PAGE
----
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Updated: 04 May 2020
Independent review of HEFCW’s governance processes
“We consider HEFCW's culture to be a real asset which should be nurtured.”
In late 2019, Professor Paul Moxey and Professor Andrew Chambers assessed the quality of HEFCW’s governance. This was carried out in the context of future changes in the governance of further and higher education in Wales, when we are replaced by the Commission for Tertiary Education and Research in 2023.
“…the competency of HEFCW’s Council and Council committee members is extraordinary as is their commitment to their governance responsibilities.”
The report concluded that, overall, HEFCW is very well governed, and the quality of management of our governance processes by the executive is excellent.
Survey of stakeholders and partners
To assess how effective our service is, and how well our relationships work, we commissioned, in 2019, our third survey of stakeholders and partners.
There were many things to take away from an extremely positive and encouraging report, and much to reflect on.
“…their insight about the things that we need to address…[is] extremely valuable.”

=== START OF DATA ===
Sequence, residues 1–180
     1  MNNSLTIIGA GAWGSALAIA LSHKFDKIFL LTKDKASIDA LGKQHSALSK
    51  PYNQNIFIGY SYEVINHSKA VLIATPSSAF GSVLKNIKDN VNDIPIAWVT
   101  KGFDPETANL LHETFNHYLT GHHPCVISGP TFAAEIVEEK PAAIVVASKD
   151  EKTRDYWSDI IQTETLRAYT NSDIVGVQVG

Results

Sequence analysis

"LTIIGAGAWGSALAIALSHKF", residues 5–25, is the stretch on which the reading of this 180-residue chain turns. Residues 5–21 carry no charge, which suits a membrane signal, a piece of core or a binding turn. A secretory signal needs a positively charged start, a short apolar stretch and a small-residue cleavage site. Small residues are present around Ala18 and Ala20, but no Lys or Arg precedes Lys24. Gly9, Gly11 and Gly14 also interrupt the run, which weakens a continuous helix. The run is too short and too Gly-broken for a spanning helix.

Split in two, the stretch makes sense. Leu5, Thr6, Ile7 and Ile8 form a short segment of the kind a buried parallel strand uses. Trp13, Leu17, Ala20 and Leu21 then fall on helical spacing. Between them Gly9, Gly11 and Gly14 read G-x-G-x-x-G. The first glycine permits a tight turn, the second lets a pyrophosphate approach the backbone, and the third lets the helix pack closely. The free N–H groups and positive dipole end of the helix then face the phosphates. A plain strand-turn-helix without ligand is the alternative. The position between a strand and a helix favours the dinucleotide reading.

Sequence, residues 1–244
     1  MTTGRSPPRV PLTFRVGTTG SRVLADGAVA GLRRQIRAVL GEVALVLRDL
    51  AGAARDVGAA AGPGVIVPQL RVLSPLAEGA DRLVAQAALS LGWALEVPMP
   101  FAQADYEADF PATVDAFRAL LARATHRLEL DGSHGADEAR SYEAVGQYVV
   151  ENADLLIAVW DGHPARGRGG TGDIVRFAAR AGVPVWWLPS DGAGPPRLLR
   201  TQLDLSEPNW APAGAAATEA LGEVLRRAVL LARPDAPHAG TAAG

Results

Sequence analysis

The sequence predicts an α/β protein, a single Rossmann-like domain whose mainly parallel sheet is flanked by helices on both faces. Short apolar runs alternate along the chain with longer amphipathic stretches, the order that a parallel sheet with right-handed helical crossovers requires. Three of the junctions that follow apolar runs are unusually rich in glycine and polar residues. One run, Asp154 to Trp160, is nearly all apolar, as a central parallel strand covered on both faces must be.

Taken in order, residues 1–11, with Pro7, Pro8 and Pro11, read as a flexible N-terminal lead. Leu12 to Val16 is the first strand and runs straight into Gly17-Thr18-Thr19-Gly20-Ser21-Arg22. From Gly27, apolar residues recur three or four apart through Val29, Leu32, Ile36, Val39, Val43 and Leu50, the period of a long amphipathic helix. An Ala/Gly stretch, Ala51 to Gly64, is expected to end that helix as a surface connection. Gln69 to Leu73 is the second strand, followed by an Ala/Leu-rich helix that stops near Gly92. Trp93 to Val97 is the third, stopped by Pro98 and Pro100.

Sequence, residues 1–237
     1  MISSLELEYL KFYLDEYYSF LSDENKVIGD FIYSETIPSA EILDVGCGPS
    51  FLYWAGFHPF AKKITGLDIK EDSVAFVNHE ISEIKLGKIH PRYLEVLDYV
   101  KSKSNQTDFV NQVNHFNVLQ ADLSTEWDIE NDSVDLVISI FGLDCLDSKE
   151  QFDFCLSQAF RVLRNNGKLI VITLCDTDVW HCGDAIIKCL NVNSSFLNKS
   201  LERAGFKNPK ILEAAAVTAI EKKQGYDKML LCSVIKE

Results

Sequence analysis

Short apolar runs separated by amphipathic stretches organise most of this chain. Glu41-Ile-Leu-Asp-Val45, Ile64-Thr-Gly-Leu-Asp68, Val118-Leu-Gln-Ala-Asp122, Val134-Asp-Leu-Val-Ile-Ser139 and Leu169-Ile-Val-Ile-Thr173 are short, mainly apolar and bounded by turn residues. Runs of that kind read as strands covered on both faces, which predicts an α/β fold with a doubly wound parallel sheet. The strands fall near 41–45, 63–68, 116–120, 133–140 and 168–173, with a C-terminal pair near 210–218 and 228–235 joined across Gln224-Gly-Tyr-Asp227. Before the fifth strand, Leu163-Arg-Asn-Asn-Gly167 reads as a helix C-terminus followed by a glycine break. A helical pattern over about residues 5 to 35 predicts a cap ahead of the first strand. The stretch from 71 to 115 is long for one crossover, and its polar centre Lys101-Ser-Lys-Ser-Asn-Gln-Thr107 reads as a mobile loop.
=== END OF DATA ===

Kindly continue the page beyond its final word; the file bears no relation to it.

“I can be clear that our views are fairly represented, and the relationship is appropriate. We get a robust challenge back.”
It was no surprise to us that our greatest asset is our people, and our stakeholders value their relationships with us more than anything else.
“…there will always be an opportunity to discuss something one-to-one before something might escalate or get more difficult.”
“There is a respect between the universities and HEFCW.”
We would love to be able to spend even more time building relationships and conducting more business in person.
However, we know that, as a regulator, we spend much of our time corresponding and requesting and reviewing information.
We will look at the outcomes that cover more challenging areas such as bureaucracy and visibility to see how we can tackle them over the coming year.
“…they are good at looking at what’s going on in strategic and policy terms within Wales and thinking across to the wider UK…”
“I think what they are good at is dealing with us as individual institutions and not a block.”